Singer and activist Janelle Monae told CNN in an interview published Thursday that artists provide a platform to address injustice. The interview followed her Sept. 12 performance at southeast urban music festival One Musicfest, where Monae performed her protest song "Hell You Talmbout."
"Silence is our enemy, and sound is our weapon," Monae told CNN of the song, which she recorded with all artists signed to her record label, Wondaland Records. Released in August, the song draws attention to instances of police brutality against minorities in the United States; Monae sings the names of several black victims of policy brutality, including Trayvon Martin, Sandra Bland and Freddie Gray.
"I was really touched by the stories that I've been hearing [about police shootings of unarmed African-Americans]" Monae told CNN. "When I saw the families crying, we ... saw the frustration, and we wanted to do something about it."
Monae sees the song as a method for protestors of Black Lives Matter, an American movement launched in response to police brutality against black people, to honor the victims of police brutality, noting that it's the least she, as an artist, can do for the movement. "So for us recording a song, recording a vessel for those who are out there marching frustrated," she told CNN. "Recording that song for them allowing them to chant 'Hell You Talmbout!' and honor those victims' names, that was the least that we could do."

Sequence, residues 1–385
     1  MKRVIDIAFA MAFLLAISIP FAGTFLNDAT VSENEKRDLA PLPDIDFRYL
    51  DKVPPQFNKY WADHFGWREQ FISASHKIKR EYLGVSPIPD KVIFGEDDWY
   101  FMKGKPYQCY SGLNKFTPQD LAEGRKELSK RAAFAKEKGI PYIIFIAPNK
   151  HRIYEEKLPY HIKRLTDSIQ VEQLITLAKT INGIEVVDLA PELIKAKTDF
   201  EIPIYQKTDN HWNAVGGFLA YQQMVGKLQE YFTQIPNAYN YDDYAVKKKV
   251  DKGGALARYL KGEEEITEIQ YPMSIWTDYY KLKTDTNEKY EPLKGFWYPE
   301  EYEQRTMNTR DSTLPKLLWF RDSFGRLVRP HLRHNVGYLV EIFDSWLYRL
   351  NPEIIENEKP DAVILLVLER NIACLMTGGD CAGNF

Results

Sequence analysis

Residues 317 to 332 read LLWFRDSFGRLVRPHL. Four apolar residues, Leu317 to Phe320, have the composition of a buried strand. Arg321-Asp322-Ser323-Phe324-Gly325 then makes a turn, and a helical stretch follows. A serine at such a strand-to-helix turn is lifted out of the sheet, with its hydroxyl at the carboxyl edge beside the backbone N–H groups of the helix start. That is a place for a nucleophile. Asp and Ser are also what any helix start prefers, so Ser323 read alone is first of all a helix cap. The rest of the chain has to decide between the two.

Monae explained the song's meaning in an Instagram post shortly after its release in August. "We recorded it to channel the pain, fear and trauma caused by the ongoing slaughter of our brothers and sisters," she wrote.
Monae also stressed the beauty of uniqueness in the interview with CNN. "If you see something that's ... different from you, search about and look at the things that make them special," she told the outlet. "It's important that we see each other as human beings. We need to take care of each other."
In August, Monae was cut off during an appearance on the Today Show while dedicating "Hell You Talmbout" to the victims of #BlackLivesMatter, a moment she told CNN she takes the blame for, saying it "wasn't anything facetious" and that she "went over on [her] [allotted] time."